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Can I challenge the reading of the radar or laser device in my speeding ticket case?

Yes and No. While you can always set the matter for a trial, a recent Ohio Supreme Court has significantly helped the State of Ohio, and has significantly limited what arguments you can make about the device used to calculate your speed.

What can't I challenge?

In Brook Park v. Rodojev (2020), an almost unanimous Ohio Supreme Court held that the results of a speed-measuring device that uses radar or laser technology are admissible in court without any testimony from an expert that the scientific principles used by that technology is reliable. In other words, prosecutors no longer need to prove that the reliability of the science behind the radar or laser device that calculated how fast you were going. The Ohio Supreme Court has now ruled that the science is reliable and admissible; no further argument on that matter can be entertained by a trial court.

This ruling significantly benefits the prosecution and harms the defendant. The reliability of the science behind the machines police officers use to calculate a motorist's speed has always been a contested issue in speeding ticket cases. Many cases have resulted in not guilty verdicts or dismissals on this very issue.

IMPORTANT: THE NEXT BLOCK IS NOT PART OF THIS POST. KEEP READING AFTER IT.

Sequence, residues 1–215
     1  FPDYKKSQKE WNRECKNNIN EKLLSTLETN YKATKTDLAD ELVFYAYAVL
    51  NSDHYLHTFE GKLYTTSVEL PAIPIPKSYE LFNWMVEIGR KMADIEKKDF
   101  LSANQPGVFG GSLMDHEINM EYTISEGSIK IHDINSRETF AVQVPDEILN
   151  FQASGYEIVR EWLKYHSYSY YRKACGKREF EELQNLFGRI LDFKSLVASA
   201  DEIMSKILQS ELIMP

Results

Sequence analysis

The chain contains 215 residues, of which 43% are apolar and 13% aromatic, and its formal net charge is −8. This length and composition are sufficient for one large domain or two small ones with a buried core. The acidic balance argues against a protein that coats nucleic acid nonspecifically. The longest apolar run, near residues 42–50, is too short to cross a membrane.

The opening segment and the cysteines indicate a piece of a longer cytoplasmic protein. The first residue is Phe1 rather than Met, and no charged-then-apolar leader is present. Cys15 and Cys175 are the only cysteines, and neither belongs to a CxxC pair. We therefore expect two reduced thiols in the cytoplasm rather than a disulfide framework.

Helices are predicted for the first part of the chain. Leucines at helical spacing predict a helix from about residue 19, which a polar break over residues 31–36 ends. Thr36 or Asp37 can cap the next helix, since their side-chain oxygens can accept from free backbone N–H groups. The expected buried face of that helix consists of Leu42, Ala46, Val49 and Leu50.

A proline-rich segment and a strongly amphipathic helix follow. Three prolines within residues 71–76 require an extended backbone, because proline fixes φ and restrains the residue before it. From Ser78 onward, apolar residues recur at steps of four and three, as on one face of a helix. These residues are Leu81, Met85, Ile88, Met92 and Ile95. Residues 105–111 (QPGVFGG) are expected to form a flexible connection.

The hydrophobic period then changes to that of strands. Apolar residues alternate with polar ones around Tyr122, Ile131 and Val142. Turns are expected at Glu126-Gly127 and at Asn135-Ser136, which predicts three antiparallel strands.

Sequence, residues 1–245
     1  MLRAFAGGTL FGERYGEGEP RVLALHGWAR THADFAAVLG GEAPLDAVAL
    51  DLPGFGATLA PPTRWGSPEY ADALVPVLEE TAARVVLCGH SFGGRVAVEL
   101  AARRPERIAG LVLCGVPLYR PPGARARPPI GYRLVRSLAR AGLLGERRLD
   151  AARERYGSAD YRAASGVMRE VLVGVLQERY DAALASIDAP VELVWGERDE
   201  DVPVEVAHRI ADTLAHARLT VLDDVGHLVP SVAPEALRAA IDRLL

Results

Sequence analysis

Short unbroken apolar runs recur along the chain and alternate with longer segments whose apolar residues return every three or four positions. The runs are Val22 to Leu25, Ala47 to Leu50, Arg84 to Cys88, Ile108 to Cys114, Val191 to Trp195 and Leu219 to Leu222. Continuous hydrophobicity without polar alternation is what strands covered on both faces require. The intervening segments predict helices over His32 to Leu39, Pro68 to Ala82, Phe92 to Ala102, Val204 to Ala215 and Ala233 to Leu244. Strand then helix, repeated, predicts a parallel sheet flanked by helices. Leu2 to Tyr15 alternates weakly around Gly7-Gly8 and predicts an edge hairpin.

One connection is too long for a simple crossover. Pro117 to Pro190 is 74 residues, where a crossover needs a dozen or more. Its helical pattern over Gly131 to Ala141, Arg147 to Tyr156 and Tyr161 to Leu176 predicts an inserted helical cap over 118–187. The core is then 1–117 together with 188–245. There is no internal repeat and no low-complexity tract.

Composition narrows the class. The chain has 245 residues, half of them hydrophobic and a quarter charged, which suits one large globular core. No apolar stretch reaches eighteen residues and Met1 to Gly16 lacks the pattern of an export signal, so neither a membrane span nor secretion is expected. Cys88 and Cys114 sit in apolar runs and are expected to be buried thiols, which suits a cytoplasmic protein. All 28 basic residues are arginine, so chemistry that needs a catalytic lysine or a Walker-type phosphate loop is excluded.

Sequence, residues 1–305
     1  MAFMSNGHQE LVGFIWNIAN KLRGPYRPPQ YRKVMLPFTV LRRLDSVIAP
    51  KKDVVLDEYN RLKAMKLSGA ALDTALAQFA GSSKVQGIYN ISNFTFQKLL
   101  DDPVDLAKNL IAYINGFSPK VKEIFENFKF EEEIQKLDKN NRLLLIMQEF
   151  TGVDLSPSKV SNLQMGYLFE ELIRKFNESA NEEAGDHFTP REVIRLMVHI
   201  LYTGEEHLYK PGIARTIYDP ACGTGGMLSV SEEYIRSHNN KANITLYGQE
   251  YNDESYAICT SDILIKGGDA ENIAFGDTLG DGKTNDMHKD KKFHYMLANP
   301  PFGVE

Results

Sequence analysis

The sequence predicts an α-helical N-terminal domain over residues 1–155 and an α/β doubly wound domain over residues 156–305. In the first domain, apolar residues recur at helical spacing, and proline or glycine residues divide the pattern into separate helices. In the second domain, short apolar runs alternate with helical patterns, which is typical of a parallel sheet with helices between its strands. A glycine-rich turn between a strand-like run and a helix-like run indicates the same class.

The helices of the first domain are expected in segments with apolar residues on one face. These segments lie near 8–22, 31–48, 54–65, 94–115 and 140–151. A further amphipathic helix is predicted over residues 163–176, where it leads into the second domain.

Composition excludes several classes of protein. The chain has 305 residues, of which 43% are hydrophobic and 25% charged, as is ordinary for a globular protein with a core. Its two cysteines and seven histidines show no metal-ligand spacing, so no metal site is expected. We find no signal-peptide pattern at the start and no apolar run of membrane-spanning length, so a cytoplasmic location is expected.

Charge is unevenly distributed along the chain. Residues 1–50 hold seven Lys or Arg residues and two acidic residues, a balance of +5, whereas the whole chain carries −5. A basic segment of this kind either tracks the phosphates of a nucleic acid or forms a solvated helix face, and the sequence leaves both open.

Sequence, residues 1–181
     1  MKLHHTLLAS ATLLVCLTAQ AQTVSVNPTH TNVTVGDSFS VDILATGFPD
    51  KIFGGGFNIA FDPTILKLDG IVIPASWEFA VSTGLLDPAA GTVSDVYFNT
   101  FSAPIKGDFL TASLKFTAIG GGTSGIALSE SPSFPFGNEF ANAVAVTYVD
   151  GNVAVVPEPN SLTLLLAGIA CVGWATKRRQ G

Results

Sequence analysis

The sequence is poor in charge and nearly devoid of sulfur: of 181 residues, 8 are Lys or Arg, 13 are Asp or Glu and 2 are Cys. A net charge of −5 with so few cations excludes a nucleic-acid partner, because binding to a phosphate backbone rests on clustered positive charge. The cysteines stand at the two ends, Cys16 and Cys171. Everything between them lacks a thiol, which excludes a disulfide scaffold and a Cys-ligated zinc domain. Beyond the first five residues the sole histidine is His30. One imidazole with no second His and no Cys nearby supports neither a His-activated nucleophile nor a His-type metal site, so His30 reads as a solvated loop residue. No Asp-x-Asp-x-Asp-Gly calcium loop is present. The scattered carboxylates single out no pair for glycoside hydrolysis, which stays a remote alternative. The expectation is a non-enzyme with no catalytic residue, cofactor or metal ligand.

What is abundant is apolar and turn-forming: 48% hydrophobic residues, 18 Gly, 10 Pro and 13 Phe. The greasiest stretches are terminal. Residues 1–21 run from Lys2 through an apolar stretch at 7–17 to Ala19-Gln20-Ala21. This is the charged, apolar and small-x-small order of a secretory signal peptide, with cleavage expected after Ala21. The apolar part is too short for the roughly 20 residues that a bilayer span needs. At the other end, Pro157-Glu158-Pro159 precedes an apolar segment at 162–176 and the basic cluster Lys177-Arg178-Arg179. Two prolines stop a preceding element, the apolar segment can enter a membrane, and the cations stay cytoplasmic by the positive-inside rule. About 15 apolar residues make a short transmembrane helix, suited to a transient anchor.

What can I still challenge?

The accuracy of the particular machine used to calculate your speed (i.e. was it working properly, when was it last calibrated, was the machine held at the correct angle, etc.) and the qualifications of the officer using the machine can still be challenged. The Court refers to this type of evidence as the "weight" of evidence. In other words, you can challenge the credibility of the operation of the machine or the officer's training to properly use the machine.

However, now that the Court has ruled the science is reliable, the presumption, even if rebuttable, is that the speed recorded on the machine is accurate unless you can find a flaw in the machine's use or the officer's training.

What should I do now if I have a speeding ticket?

Talk with an experienced trial attorney who understands the law, the limitations on what you can attack in court, and the best methods to challenge the credibility of the speed recorded in your case. If the attorney isn't aware of this new change in the law, your defense theory could be thrown out by the judge and you'll lose your trial.

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